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Defining and Continuing the Legacy of Cesar Chavez

By Jose Calderon


Many of my students, particularly those who came here as immigrants to this country or who were farm workers in the fields, can identify with Cesar Chavez.

They identify with how Cesar’s views on nonviolence and morality were influenced by his mother and his grandmother.  They identify with his struggles with racism in his school years when the Anglo children called him “dirty Mexican.”  Others identify with the story of how the Chavez Family was stopped by immigration officials when they came to California from Arizona in the 1930’s on the suspicion that they were undocumented immigrants.

Today, we identify with Cesar’s life of fighting racism in all its forms and his consistent practice of building multi-racial coalitions to fight injustice.  We identify with his resistance to injustice through the use of the boycott, the march, the fast, and community based organizing, strategies that he used  to build the United Farm Worker’s Union.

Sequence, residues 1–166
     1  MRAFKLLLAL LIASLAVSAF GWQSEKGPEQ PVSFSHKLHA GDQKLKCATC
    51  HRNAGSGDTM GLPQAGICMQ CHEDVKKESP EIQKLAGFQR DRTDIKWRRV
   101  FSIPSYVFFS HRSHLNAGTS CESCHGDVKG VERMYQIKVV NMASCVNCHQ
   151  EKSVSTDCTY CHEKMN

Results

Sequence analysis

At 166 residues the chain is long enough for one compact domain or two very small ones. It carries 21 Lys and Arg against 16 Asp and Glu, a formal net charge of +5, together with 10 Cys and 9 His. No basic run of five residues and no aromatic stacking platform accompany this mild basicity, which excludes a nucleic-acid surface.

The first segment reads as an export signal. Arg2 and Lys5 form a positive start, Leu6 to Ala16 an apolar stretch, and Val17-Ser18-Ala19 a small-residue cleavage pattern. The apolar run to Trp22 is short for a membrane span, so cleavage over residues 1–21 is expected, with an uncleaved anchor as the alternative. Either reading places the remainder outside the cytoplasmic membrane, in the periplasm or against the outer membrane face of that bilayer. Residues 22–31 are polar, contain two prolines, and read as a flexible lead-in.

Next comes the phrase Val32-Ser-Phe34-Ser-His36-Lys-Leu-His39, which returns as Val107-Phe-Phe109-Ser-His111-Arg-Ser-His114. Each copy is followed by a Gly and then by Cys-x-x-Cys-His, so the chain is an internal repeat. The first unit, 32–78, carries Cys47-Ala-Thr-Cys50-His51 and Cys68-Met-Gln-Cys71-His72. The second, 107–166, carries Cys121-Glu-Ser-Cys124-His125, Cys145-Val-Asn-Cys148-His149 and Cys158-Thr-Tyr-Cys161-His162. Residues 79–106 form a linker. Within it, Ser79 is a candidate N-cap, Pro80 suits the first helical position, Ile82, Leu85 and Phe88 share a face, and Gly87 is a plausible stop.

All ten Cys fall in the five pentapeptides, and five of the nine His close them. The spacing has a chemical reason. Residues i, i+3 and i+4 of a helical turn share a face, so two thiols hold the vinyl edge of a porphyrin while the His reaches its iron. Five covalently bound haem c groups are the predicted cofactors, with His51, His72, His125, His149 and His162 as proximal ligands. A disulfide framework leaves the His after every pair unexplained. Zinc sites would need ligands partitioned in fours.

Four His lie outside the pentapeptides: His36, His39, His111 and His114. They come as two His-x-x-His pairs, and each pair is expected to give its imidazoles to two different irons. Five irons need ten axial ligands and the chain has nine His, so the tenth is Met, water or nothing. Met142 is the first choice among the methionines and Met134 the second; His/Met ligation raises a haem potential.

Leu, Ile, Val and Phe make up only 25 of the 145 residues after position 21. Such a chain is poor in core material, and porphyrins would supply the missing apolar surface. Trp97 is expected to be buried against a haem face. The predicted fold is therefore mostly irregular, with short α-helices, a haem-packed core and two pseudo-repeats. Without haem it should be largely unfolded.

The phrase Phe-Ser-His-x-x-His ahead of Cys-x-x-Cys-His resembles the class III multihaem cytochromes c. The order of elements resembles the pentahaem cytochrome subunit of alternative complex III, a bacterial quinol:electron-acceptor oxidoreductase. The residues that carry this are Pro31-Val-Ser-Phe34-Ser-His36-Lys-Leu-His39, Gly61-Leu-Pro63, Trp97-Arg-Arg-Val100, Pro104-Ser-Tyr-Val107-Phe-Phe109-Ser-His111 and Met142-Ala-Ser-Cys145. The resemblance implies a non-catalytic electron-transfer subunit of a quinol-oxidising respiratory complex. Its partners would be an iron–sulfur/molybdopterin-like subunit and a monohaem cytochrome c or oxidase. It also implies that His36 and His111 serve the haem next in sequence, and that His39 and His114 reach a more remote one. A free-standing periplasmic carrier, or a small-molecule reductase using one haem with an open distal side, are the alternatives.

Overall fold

In this context, it is important not to compromise or water down what Cesar Chavez stood for.  There is no doubt that Cesar was the leader in helping to institutionalize a movement that is still serving the workers and the community through medical plans, worker pension plans, housing development projects, voter registration drives, and policy-making electoral initiatives.

In recent years, the UFW won a big victory in forcing the governor to sign legislation giving farm laborers the right of mandatory mediation in contract negotiations.  This is unprecedented for the farm workers – since the passage of the 1975 agricultural labor relations law.  This was done through marches, pickets, fasts, lobbying, voter registration, and vigils at the Governor’s mansion.  These strategies followed the examples of Cesar, who like Martin Luther King, Rosa Parks, Dolores Huerta, and so many others, stood for peace, justice, and equality.